A Fork of Paths by Bella Forrest, now you can read online.
As much as the scene beneath me on the ship’s deck chilled me to the bone, even those gaunt, naked creatures couldn’t haunt my mind for long.
I dipped into the ocean to rinse off the gunk from the werewolf’s corpse that had smeared on me, thanks to whoever had dropped it into the box I’d been trapped in. Then, I had to find my family. I had to discover exactly what had happened to them—if my fear that the Drizans had found them really was accurate.
So I left that monster-infested ship and traveled as fast as I could to The Dunes. My homeland. I had barely spent more than a few seconds at a time there since we’d abandoned it. And even those fleeting visits I’d made were without Nuriya’s permission. There was a secret gate in The Dunes—at least, I hoped that it was still secret—that connected to Lake Nasser in Egypt, and it had been convenient for me to pass through.
Now, as I descended into the coal-black desert, I shuddered despite the warm breeze.
I wasn’t sure what I was going to do. I still hadn’t worked out a plan. I paused, trying to clear away the haze of panic and think logically for a minute.
Think like Benjamin would think. That vampire seemed to have a gift for maintaining level-headedness even in the worst of scenarios.
As I took a moment to breathe, I decided that I ought to check The Oasis before venturing further into jinn territory, just to be sure that Bahir had not raised a false alarm and the uneasy feeling in my stomach about their safety was not just paranoia. So I headed to the nearest portal, dove through, and vanished myself back to our atrium.
I couldn’t hold back the tears as I gazed around at our once-beautiful home. Ornaments smashed, doors torn open, gardens wrecked.
“Mother!” I cried out, my strangled voice echoing off the walls. “Father! Sister! Aunt! Is anybody here?”
My calls were only met with silence.
I drew in a deep breath. It took all that I had to not crumple to the floor and weep until I ran out of tears. The Drizans had taken them.
Now that it was verified beyond all doubt that my instinct had been correct, I left the courtyard and returned to the supernatural realm. To The Dunes. I examined the seemingly empty landscape and then began to move, slowly and cautiously, closer to where our enemies resided. I made myself invisible, though I knew that the Drizans would be capable of sensing my presence without sight… they were like bloodhounds when it came to us. It was a wonder that we had managed to survive for as many years as we had without them discovering our location. I guessed that was thanks to Nuriya’s order that we didn’t go out much. The vampires and half-bloods who served and lived above us had been the only non-jinn we’d had dealings with in a long, long time.
I was barely breathing as I neared the landmark of the entrance to the Drizans’ underground palace—a giant scorpion medallion made of solid gold, fixed in the sand. The sight of it brought back dozens of memories, all of them dark and unwelcome.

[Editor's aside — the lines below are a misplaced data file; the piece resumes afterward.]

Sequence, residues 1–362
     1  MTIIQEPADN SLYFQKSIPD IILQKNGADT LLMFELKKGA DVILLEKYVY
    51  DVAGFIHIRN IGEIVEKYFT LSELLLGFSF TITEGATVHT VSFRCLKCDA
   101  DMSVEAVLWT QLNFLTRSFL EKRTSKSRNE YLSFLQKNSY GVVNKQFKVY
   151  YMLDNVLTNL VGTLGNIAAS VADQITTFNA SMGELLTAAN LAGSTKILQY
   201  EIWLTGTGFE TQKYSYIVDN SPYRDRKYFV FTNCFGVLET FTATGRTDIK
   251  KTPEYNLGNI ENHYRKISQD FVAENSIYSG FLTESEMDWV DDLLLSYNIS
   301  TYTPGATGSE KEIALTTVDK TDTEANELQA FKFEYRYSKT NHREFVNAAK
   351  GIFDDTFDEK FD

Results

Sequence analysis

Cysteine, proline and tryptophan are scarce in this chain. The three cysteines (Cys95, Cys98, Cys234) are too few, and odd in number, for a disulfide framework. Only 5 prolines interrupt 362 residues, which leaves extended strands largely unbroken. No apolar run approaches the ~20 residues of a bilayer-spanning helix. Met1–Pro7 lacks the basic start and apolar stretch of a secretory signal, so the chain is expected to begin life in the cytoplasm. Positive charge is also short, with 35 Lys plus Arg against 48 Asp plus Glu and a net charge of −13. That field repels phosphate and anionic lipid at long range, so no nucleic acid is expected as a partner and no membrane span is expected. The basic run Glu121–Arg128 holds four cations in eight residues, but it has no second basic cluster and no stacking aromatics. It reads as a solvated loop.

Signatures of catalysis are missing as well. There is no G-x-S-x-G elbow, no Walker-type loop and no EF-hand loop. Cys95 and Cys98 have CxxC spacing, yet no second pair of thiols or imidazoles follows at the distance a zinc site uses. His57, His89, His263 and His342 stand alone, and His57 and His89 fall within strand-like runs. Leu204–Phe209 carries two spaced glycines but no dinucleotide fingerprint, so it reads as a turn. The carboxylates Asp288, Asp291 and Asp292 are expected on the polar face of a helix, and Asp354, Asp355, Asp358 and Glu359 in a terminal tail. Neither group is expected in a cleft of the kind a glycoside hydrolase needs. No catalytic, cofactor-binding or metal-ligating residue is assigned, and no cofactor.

What do I do?
I dared approach within ten feet of the medallion before stopping and gazing all around me.
I wasn’t even sure what my options were. If I tried to force my way into the Drizans’ lair with magic—vanish myself into the lower levels—if, or should I say when, I got caught, my punishment would be much greater for having trespassed without permission. My stomach turned just at the thought of the kind of suffering that they would take pleasure in inflicting on me. But what was the alternative? Knock on the door and hand myself over?
The only way to verify that my family was still living was to travel down to the Drizans’ prison, where I guessed they were being kept. Or perhaps the torture chambers, even further down in the palace.
But what would I achieve by it? There was no way I was strong enough to free them by myself, and I had no allies in this land. Even if I did manage to break through whatever shackles they were bound in, I knew enough about the Drizans to not be foolish enough to think that we would make it out alive.
I could have backed away and just tried to save myself at least. But I didn’t know a life without my family. What was the point of living with freedom but without the people I loved? I would rather sacrifice freedom than be apart from them any longer, no matter what state I might find them in. At least I would be with them, not all alone… especially now that I no longer even had Benjamin as a companion.
Bending over the scorpion entrance, I knocked.
My heart thundered in my chest as I retreated, expecting to hear the bolts slide open any moment now. What I was not expecting to hear was a male voice behind me. “Who goes there?”
I whirled around to see that it was… Horatio Drizan. Son of Cyrus Drizan. He hovered several feet away from me, a scroll of parchment rolled up in his right fist. Horatio was the youngest prince of the Drizan family. Before my family and I left this place, he and I used to play together as children. I hadn’t seen him since, but strangely I didn’t have difficulty recognizing him. Although he looked very different now—a handsome young man, tall and well-built, just like his father—I recognized those olive-green, slightly down-turned eyes.
I hurried backward even as he tried to close the distance between us.
He frowned. “Aisha?” he asked, pausing. I was surprised that he recognized me so easily.
“Y-You took my family.” I stumbled.
His frown deepened. “My father took your family. Yes.”
“Are they still alive?”
He nodded slowly, his eyes fixed on mine.